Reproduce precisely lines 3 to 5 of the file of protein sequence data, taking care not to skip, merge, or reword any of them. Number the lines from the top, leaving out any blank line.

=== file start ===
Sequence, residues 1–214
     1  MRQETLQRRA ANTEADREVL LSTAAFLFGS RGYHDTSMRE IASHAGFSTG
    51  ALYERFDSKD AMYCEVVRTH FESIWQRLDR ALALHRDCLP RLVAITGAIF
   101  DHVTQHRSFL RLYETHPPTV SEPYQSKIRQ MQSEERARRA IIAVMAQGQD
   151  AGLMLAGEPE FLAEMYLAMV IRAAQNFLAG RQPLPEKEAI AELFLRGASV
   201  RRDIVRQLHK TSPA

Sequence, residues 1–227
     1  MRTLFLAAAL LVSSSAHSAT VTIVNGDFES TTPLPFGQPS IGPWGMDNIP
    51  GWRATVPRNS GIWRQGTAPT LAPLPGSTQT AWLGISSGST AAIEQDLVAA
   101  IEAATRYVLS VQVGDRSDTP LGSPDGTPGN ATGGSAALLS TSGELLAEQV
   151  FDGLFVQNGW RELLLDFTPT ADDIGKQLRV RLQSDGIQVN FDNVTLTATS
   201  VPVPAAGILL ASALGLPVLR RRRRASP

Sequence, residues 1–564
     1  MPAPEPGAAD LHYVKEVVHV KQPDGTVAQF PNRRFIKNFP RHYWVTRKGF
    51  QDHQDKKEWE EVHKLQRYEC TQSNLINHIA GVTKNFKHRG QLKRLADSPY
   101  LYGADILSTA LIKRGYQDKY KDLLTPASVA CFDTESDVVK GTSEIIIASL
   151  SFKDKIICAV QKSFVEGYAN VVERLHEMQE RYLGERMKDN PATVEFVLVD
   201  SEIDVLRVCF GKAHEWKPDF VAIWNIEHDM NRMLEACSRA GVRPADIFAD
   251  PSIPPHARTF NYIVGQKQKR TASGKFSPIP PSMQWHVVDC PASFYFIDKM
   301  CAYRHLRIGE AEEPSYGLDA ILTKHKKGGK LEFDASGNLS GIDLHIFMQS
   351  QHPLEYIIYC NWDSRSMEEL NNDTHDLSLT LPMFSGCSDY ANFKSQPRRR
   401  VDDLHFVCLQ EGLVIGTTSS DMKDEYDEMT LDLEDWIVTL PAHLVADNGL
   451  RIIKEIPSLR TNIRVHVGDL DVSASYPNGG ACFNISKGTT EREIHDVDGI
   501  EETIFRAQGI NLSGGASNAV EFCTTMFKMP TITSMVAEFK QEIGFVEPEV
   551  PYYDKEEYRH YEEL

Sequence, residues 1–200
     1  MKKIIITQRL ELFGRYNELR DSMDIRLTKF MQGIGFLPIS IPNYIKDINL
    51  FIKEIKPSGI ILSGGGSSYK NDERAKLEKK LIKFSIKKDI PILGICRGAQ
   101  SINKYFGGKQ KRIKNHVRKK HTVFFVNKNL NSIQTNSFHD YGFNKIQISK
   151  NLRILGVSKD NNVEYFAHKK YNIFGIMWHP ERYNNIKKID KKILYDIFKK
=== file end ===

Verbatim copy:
    51  ALYERFDSKD AMYCEVVRTH FESIWQRLDR ALALHRDCLP RLVAITGAIF
   101  DHVTQHRSFL RLYETHPPTV SEPYQSKIRQ MQSEERARRA IIAVMAQGQD
   151  AGLMLAGEPE FLAEMYLAMV IRAAQNFLAG RQPLPEKEAI AELFLRGASV